Wednesday, April 6, 2011

Protect our Oceans!

Sigh. I've been anticipating this lesson with mixed emotions. I've been talking to the class about the environmental disaster that has become our oceans and how fish and other wildlife are affected by human behaviour.
Prime example:
"A dead gray whale washed ashore on West Seattle's Arroyo Beach last week. In itself, that is not an inherently unusual occurrence: five to ten gray whales die annually in Puget Sound waters, unable to complete the lengthy migration from the lagoons of Baja California, where they breed, to their summer feeding waters north of Alaska. Indeed, that whale was the fourth discovered in the region in a little over a week.

What was especially interesting about this particular whale, however, was its stomach contents. According to a postmortem examination by Cascadia Research:

The animal had more than 50 gallons of largely undigested stomach contents consisting mostly of algae but also a surprising amount of human debris including more than 20 plastic bags, small towels, surgical gloves, sweat pants, plastic pieces, duct tape, and a golf ball." (full article here)

In browsing some of the eco-friendly lesson plans in the dungeon at the school, I found a cool image of a sort of collage, depicting a fish eating garbage. PERFECT! I thought - high interest, relevant, socially-conscious art, that fits with my theme and will be displayed for Earth Day! And thus I began...

I started by making some oily water with the kids, using my favourite shaving-cream marbling technique on finger-paint paper. This they cut out to make the waves.

Then they painted fish *with open mouths!!

Finally, they glued everything on, and did a great collage of words (I thought representing the rhetoric?! and then bits of "garbage"- I tried to get them to focus on plastics).

Love how this worked, and how we used some recycled material to make it!

La pluie de printemps... April Showers...

I have started a water unit with my class and we are looking at the water cycle, water creatures and water states.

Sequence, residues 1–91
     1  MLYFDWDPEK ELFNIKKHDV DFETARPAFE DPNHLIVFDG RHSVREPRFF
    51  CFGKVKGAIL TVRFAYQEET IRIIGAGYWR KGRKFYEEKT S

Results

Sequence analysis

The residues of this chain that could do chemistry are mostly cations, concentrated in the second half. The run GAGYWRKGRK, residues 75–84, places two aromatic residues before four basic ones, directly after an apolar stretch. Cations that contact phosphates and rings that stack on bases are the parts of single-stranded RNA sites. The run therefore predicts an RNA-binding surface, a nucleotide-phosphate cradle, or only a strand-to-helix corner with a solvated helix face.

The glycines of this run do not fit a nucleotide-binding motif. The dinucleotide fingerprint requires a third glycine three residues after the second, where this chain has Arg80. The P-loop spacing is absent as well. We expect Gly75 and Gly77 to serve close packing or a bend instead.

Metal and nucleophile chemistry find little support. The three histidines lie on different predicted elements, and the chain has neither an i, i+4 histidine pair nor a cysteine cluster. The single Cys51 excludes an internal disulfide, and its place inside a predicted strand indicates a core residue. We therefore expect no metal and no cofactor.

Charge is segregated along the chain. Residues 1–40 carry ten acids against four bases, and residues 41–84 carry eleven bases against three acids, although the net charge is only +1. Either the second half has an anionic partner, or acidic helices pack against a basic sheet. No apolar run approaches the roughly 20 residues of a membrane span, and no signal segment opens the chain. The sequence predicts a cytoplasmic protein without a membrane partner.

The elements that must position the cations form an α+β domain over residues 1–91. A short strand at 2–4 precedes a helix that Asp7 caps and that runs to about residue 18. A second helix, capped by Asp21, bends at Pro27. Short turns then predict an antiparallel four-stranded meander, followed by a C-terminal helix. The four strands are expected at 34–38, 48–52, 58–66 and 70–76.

Given that we live in the rainiest place EVER, I decided to brighten our days with some rainbows. Such an easy, classic project, I actually left it for my sub the other day, but the kids loved it, and I loved the different textures.
-I used 2- 9x12 paper, cut into an arc (these you glue back to back)
-the middle of the arc got glued on the end to support the cotton ball cloud
-on the other end, a piece of tinfoil was snipped at the end and the lengths curled around a pencil for the rain.
The rainbow:

This second piece was the activity to go with a little Science lesson on water permeability... what fabrics or materials repel water, which ones soak it in.. I found this cute jacket template (actually there were 2 to choose from) they coloured it front and back, then cut it out, and wrapped it in saran-wrap! easy, fun!

Les Lucioles dans la Lumière de la Lune

Moonlit Fireflies!
We also did the moonlit fireflies lesson, originally presented by Marymaking, then also done by smART Class
It tied in very nicely with our space and moon unit in March.
I was impressed at how dry-brushing poster paint onto black paper worked!
That was how we started, using cool colours (blue, purple and green). Then the kids painted a paper plate (the thin kind with the ribbed edge) with pearlescent paint. They had the choice to make a full moon, or a half (quarter, etc) moon. This was perfect tie in, as we've been tracking the moon's phases, and they knew that the moon was always round, just not always completely showing.
They made fireflies out of bits of cardboard, glued bits of gold pipecleaner for the "tail" and googly eyes!

We used silver paint to dot on stars and finished the piece by highlighting the edge of the moon with yellow pastel and drew treetops with green and brown pastels.